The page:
Farther along you see one in the full maturity of manhood, busily engaged with the practical duties of time, neither young nor old — the merchant, the farmer, or the scholar, so occupied with his calling as scarcely to notice the years as they roll by him; but at length the victor stands across his path, extending the fatal scepter as he approaches. Disease is now upon him, and death at bis door. His bour has come. The forty or fifty years of his pilgrimage now seem to him like a inere shadow. Say to him, We spend our years as a tale that is told;" and he will understand you.
Yonder I see the frosts of ninety winters gathered on that wrinkled, time-worn brow. Bending under the weight of ninety years, standing on the very verge of the grave with death watching his words, the veteran thus muses with himself: "I have been a boy, a youth, a man, and now I am old. When I was but a child, my manhood seemed far in the distance; and when I became a man, my childhood seemed but a step behind me. And now old age spans the whole space, as if it were one fleeting and mysterious moment. My life, long as it has been in comparison with that of others, seems like a vapor that appeareth for a little time, and then vanisheth away." And thus all these classes, the lad, the youth, the mature mån, and the aged, come at last to the same conclusion. The weeks, the months, the years, alike of the longest and the shortest life, are fled ere one is aware of it.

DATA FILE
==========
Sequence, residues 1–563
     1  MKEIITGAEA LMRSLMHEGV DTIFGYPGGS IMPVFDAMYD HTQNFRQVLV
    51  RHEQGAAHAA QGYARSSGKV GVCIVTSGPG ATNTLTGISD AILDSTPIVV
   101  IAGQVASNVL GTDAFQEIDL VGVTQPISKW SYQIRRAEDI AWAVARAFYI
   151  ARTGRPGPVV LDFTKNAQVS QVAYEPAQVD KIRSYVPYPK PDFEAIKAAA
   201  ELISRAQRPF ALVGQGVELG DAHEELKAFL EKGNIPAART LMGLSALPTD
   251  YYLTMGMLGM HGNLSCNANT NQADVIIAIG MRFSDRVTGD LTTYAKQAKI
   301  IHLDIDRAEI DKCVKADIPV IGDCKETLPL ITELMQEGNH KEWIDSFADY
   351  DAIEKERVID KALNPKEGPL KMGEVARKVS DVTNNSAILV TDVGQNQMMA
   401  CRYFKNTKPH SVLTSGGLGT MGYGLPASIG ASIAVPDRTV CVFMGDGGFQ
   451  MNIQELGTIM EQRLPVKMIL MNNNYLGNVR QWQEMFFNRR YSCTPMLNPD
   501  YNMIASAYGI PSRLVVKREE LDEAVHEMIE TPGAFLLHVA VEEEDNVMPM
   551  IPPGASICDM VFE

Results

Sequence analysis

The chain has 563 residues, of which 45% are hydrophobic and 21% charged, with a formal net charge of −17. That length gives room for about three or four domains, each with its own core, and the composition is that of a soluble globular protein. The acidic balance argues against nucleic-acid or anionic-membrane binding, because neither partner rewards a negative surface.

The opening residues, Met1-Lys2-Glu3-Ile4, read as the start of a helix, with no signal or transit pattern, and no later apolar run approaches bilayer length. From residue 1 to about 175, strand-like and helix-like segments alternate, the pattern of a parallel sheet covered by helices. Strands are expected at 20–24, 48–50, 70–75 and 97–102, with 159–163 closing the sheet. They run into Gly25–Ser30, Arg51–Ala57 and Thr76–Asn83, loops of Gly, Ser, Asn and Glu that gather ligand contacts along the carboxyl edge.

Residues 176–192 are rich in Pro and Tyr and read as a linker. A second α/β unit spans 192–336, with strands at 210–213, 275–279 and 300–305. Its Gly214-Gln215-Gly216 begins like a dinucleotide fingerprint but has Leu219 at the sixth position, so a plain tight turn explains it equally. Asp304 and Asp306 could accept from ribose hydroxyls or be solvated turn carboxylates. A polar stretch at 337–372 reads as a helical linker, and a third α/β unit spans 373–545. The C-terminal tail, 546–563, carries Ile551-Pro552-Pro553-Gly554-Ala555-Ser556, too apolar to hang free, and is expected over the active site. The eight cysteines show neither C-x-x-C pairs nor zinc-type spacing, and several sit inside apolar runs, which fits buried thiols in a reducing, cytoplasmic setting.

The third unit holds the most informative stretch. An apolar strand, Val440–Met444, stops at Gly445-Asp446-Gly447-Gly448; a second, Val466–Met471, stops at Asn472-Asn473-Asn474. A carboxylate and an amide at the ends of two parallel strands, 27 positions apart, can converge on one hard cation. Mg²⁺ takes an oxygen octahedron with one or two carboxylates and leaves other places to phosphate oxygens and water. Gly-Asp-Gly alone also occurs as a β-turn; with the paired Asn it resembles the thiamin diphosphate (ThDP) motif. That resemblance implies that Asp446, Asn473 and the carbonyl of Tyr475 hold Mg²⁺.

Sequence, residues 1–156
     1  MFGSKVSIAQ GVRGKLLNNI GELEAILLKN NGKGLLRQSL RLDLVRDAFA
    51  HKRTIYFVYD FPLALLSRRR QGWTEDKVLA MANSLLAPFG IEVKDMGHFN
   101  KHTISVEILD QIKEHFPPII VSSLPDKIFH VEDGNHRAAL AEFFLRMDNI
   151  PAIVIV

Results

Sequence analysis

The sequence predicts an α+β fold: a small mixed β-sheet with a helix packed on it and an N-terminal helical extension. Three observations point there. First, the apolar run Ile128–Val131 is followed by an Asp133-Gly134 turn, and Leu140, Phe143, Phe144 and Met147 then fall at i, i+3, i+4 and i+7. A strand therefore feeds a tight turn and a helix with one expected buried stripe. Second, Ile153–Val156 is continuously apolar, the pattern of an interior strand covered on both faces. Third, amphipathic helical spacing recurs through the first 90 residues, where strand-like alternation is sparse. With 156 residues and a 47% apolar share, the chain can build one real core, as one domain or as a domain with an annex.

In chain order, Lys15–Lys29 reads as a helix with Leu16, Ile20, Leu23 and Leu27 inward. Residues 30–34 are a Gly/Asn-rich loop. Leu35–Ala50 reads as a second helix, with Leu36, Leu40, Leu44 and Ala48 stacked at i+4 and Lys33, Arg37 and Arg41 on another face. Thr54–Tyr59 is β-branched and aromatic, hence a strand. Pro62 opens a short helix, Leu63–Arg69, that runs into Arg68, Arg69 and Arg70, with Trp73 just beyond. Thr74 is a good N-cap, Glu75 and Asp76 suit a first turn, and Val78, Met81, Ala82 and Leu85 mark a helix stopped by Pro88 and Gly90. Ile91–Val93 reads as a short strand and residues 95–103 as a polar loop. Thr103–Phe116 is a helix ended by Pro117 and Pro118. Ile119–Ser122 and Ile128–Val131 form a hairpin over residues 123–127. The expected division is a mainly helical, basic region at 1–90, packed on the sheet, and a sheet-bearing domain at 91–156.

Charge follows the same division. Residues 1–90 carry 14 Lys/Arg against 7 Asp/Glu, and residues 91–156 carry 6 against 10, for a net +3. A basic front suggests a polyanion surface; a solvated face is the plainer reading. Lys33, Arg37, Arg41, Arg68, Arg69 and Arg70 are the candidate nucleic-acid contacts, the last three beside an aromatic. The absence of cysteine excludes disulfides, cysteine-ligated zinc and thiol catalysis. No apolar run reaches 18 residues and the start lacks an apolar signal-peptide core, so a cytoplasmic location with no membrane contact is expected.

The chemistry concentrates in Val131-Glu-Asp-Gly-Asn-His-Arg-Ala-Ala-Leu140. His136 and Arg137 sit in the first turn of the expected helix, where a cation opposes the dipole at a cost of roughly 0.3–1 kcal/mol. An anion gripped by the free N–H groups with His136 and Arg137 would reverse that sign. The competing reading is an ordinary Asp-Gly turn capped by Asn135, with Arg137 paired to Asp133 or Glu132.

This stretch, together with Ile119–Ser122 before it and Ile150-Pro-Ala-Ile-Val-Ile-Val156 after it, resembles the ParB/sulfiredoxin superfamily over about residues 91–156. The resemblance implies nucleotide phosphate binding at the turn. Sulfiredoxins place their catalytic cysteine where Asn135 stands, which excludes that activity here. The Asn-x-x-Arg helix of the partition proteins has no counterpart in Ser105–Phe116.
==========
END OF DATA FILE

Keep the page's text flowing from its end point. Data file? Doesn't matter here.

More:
I have thus endeavored to impress upon your thoughts the theme of man as mortal and transient. On this subject we need less to be reasoned with than to reflect upon what is undeniably true. Every one consents to the statement: “Dust thou art, and unto dust shalt thou return." Every one knows, that after the lapse of a few years at the longest, his earthly career must come to an end. Such a truth ought to engage our reflections, if not always, yet sometimes, and that too with sufficient frequency to impress our hearts. There is sound sense in the inspired prayer: “Lord, make me to know mine end, and the measure of my days, what it is; that I may know how frail I am.” “So teach us to number our days, that we may apply our hearts unto wisdom.”